Introducing Agile Automotive – Denmark’s answer to Lotus?

Small-volume manufacturer will produce two lightweight models for road or track use

Plenty of small manufacturers have a go at taking on Lotus at its own game – namely, creating super-lightweight, high-performance cars with handling as a priority. The latest company to do so is Agile Automotive.

A Denmark-based manufacturer, Agile’s portfolio consists of two models – the softer SC122 and the extreme SCX. The SC122 looks set to take on the likes of the Lotus Exige, with a lightweight body and supercharged 3.5-litre V6 engine mounted amidships.

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> Lotus Elise Sprint revealed

It’s more powerful than the Lotus, though – Agile claims 419bhp will be available, coupled to a five-speed manual or seven-speed sequential race transmission. Customers after slightly less power can opt for a less fruity, naturally-aspirated V6 if they want to, though.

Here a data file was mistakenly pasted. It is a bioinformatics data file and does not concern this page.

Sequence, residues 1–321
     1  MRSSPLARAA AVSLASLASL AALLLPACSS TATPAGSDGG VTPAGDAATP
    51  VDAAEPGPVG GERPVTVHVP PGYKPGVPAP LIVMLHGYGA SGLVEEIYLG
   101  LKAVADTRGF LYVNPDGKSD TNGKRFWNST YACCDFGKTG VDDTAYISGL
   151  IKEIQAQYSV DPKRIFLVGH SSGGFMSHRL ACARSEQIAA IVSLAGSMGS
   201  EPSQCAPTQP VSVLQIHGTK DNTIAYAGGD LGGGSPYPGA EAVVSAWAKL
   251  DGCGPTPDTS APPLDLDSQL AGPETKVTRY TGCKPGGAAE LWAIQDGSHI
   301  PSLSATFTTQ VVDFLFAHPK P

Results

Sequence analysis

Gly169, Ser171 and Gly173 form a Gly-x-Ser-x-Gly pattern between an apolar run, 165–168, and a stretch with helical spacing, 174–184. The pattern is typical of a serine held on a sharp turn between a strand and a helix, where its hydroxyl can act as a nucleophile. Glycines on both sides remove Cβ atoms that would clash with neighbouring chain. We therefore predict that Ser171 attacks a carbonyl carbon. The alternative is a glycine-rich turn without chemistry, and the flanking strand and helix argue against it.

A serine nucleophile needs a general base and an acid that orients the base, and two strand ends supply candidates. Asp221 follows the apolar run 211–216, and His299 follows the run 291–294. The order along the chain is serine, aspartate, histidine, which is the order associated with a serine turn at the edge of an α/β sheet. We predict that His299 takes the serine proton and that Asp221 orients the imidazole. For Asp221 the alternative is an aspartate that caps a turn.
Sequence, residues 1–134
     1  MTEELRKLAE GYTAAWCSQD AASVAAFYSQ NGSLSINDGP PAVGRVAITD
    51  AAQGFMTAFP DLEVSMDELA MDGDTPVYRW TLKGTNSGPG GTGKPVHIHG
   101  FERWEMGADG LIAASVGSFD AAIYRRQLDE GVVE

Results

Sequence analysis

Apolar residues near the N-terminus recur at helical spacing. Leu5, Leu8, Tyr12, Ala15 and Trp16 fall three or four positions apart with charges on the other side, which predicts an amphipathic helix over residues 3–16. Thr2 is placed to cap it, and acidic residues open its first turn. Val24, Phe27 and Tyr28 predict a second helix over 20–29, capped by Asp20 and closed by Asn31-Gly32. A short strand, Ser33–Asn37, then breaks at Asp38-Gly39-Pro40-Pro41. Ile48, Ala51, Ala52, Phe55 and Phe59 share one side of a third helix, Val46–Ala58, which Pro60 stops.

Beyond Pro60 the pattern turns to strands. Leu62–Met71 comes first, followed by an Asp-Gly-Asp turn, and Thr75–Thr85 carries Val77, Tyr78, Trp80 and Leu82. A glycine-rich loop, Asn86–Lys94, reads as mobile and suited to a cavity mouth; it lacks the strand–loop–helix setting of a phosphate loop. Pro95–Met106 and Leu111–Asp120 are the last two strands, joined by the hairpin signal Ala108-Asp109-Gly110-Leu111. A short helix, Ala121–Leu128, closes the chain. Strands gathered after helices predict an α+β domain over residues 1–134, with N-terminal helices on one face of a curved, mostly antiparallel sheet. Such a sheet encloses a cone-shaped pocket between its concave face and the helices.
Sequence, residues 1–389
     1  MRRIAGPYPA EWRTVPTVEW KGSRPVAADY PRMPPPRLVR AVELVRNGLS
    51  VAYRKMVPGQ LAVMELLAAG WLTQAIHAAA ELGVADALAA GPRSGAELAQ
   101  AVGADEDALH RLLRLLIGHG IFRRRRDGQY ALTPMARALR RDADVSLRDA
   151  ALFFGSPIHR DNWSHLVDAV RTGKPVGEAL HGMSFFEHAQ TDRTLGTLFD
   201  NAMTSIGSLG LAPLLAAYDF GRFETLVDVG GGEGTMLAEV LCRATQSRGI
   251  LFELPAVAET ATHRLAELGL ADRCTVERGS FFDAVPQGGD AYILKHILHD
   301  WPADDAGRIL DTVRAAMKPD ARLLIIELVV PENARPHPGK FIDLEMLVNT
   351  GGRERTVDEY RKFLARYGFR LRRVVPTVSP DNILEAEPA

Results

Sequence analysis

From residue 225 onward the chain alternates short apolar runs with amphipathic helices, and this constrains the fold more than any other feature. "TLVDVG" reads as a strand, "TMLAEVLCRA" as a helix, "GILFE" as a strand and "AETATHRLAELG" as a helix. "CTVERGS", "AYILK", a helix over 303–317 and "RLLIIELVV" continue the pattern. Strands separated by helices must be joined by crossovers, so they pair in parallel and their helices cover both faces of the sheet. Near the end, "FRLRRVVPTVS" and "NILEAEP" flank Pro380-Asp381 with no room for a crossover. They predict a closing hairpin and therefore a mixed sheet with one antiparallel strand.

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The SCX is a rather more focused offering. The name stands for Sports Car eXtreme, and it’s more along the lines of the Ariel Atom than anything else. Power comes from a 2.0-litre engine delivering either 178bhp in naturally aspirated form, or 247bhp in supercharged guise.

The lower power figure shouldn’t translate into a lack of performance, though – the super-lightweight SCX does without any ‘unnecessary’ body panels, and therefore lacks a windscreen, doors, or roof.

> Ariel Atom review and video

Both cars are constructed largely of carbon-fibre, further adding to the lightweight ethos. What’s more, they aren’t just toys for the track, as Agile Automotive will sell you an SC122 or SCX in one of two forms – road legal, or fully stripped-out track day spec.

No formal prices have surfaced for the SC122, but the SCX starts from £56,663 according to Agile Automotive's website. That's converted directly from Danish Kroner and excludes local VAT.

Whether Agile Automotive will ever progress past the status of a bit player is hard to predict, but we’ll be interested to follow its progress. After all – the market can never have too many lightweight, mid-engined, carbon-fibre roadsters.

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